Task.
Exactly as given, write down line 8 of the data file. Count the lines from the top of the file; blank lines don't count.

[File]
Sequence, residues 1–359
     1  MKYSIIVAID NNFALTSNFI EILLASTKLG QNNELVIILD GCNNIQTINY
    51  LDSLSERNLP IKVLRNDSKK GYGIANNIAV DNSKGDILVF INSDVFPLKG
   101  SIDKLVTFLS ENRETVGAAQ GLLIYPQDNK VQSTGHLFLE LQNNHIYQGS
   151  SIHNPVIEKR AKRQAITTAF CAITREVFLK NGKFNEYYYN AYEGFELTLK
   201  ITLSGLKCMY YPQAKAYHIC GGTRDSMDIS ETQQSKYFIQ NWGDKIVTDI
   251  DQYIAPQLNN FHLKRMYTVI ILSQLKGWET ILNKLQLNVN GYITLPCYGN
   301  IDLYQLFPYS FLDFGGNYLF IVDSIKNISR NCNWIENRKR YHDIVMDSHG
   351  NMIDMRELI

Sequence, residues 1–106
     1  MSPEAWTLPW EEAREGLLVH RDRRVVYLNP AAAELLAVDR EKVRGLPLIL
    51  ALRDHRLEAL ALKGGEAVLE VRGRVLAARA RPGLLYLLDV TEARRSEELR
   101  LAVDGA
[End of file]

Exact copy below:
   301  IDLYQLFPYS FLDFGGNYLF IVDSIKNISR NCNWIENRKR YHDIVMDSHG